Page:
The Dangerous Dogs Act 1991 bans the ownership, breeding, sale (both national and international) and exchange of certain types of fighting dogs. The ban currently covers purebreds and crossbreeds with the same physical and behavioural characteristics as the Pit Bull Terrier, Japanese Tosa, Dogo Argentino and Fila Brasileiro.
The maximum fine for having a banned dog is £5000 and/or 6 months in prison. The dog may also be destroyed.
The Act also applies to all dogs which are dangerously out of control in any public space, as well as on all private properties.
If your dog behaves aggressively towards any member of the public while in a public space, or to a lawful visitor or even trespassers in your garden or private outdoor space, it is committing an offence. If a dog acts in a way which makes a person fear they will be attacked, it may also be seen as an offence.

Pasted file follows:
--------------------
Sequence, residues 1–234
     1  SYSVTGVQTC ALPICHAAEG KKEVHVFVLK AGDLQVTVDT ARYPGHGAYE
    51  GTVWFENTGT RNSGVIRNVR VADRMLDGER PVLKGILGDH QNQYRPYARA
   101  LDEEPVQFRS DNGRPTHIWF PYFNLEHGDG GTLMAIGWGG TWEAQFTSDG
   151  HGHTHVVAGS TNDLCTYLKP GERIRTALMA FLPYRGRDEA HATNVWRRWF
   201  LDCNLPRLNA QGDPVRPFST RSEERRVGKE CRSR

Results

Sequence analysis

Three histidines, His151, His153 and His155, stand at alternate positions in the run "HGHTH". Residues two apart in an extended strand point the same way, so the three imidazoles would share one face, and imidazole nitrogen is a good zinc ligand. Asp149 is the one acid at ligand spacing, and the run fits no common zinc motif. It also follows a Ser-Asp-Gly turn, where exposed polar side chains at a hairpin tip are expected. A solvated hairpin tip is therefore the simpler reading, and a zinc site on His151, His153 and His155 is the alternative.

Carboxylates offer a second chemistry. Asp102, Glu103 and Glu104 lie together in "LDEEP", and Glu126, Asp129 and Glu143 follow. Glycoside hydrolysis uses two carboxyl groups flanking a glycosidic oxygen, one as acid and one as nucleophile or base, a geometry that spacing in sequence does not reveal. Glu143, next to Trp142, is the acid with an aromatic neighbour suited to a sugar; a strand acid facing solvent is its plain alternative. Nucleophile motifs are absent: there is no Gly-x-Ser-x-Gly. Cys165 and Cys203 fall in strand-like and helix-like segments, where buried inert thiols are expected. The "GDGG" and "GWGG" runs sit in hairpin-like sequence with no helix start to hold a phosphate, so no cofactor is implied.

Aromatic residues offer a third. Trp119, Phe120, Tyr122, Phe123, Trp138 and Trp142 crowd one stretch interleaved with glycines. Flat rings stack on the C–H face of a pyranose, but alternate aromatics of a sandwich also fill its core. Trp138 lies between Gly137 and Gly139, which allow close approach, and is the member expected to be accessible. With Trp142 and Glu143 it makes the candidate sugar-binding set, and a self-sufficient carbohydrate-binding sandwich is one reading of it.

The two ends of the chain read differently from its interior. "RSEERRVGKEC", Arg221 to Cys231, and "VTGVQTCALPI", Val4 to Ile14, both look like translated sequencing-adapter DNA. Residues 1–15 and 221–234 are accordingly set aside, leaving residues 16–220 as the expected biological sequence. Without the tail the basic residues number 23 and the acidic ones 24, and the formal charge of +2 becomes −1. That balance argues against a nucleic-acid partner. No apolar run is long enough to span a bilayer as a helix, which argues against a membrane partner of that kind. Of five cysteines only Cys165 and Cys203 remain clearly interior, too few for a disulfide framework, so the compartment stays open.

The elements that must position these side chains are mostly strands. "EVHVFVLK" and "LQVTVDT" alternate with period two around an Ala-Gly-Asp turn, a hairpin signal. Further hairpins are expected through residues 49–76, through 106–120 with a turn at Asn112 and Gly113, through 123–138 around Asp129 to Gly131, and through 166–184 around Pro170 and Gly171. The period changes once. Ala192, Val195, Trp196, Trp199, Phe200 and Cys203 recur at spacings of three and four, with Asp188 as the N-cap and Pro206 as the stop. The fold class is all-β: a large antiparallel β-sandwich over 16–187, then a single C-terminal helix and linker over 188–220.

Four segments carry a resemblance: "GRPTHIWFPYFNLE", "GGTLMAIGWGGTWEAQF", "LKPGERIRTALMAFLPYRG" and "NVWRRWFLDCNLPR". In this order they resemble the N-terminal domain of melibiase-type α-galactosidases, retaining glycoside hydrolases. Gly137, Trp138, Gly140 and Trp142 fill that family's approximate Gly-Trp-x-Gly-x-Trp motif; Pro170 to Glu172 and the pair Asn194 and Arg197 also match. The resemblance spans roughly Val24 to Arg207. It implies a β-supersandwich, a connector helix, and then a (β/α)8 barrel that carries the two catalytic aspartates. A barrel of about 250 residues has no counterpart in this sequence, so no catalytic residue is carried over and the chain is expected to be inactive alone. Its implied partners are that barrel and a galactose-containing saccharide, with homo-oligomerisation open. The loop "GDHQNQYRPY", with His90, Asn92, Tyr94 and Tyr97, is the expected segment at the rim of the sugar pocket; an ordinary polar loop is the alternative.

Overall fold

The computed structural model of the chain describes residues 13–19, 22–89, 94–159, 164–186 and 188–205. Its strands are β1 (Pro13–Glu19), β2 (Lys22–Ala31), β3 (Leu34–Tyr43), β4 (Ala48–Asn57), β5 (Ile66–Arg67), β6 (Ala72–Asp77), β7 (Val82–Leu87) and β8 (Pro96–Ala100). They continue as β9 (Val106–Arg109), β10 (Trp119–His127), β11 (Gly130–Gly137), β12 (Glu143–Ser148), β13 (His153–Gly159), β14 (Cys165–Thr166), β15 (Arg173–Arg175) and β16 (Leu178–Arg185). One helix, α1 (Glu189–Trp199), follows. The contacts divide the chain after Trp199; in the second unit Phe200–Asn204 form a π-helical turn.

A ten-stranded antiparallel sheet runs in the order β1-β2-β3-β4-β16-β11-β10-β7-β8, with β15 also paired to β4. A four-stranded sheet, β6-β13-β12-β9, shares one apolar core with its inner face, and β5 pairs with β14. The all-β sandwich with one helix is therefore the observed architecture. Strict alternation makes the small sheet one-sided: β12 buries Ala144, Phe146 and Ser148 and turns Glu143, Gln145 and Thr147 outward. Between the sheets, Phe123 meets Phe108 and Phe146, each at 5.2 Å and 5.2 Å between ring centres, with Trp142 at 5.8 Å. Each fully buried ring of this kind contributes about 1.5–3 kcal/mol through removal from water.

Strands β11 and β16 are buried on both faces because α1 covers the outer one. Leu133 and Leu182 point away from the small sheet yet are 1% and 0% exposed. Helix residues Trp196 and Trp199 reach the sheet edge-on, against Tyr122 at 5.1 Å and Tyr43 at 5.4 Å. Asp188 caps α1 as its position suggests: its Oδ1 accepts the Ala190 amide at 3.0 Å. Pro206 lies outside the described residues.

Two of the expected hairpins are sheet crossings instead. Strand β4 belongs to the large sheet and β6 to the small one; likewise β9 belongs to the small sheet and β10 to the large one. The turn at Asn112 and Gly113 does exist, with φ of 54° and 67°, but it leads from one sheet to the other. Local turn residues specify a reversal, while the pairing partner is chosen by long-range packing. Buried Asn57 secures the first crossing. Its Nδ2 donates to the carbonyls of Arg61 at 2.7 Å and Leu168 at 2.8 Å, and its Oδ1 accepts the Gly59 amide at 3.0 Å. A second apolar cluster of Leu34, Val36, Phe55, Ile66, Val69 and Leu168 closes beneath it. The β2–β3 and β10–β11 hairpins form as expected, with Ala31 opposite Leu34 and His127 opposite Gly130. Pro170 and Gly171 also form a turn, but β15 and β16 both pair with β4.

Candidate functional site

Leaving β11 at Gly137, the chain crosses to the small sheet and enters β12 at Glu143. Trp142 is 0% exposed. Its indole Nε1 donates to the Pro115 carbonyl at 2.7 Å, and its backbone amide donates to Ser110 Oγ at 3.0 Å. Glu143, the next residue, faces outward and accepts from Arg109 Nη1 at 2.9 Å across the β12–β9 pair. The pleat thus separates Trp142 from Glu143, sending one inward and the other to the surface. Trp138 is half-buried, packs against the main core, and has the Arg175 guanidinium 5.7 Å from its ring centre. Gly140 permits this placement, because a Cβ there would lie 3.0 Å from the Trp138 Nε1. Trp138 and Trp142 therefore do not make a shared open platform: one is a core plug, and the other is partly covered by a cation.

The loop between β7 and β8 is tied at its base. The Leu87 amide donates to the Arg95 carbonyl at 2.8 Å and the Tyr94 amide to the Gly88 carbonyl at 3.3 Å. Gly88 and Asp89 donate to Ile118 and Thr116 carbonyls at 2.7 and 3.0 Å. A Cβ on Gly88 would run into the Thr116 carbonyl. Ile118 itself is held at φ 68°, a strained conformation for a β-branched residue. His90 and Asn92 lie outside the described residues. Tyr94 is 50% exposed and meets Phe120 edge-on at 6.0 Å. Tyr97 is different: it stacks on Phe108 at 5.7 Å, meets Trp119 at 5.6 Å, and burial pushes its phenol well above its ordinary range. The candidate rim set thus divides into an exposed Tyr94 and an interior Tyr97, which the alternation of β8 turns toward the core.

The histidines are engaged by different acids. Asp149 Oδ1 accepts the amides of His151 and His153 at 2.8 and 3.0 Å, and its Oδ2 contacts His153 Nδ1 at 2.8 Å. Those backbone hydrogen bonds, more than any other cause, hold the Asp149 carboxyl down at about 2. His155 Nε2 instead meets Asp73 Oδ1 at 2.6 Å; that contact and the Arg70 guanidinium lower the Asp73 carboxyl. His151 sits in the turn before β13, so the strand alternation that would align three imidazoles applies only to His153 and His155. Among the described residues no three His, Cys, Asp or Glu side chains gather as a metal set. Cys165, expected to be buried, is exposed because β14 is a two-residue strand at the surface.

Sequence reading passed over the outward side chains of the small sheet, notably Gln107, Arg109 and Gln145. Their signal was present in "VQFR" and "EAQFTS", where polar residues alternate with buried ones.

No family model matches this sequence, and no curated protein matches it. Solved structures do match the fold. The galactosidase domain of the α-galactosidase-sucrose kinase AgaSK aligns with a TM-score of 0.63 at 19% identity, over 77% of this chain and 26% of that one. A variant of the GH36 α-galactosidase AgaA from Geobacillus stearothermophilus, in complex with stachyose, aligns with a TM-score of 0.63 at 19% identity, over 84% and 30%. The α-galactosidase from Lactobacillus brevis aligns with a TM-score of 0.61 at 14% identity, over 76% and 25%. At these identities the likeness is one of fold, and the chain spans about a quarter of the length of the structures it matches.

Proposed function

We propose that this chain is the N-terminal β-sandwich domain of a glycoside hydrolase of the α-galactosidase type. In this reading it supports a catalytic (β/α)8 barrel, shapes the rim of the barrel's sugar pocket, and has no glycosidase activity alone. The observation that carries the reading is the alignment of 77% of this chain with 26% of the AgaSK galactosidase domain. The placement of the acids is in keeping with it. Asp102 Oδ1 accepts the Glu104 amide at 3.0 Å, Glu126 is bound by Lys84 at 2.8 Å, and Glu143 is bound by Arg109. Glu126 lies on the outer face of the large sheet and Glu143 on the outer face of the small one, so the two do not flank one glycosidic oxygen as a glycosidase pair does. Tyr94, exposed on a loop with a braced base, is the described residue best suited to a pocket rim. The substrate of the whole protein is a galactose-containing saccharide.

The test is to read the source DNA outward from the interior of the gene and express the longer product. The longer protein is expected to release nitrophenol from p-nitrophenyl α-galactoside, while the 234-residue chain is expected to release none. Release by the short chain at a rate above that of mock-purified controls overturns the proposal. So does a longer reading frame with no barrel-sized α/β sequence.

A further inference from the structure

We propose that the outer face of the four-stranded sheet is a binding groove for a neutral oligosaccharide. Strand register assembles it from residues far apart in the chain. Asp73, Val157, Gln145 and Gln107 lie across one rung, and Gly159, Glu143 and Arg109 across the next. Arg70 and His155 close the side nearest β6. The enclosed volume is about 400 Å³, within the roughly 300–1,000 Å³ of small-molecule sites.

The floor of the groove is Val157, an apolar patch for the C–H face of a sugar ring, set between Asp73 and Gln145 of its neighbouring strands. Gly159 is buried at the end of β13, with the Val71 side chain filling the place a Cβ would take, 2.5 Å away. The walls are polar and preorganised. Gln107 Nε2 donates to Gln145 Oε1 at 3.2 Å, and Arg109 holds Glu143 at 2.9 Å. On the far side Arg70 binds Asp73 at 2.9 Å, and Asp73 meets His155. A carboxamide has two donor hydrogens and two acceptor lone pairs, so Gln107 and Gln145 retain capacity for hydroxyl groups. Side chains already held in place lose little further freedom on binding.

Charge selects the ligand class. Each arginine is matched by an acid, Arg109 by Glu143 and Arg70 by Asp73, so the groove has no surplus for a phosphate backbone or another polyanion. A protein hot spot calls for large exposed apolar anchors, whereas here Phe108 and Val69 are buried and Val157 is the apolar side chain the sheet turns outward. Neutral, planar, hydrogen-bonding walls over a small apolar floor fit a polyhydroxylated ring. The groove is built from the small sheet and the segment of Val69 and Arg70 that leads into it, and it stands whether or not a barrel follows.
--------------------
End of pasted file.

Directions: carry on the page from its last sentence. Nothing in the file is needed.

Only if a dog behaves aggressively towards, or attacks, a person gaining unlawful access to your private property (this only includes the actual building, not the garden or grounds) would an offence not have been committed.
The maximum fine is £5000 and/or 6 months in prison. The dog may also be destroyed.
A police officer or dog warden may seize a banned dog or a dog that is dangerously out of control.
You can let us know about a dangerous dog using Report It.
Alternatively, you can contact the police on 01642 326326 or the dog warden service on 01642 726001. The court can also issue a warrant for the police to enter a building and seize a dog.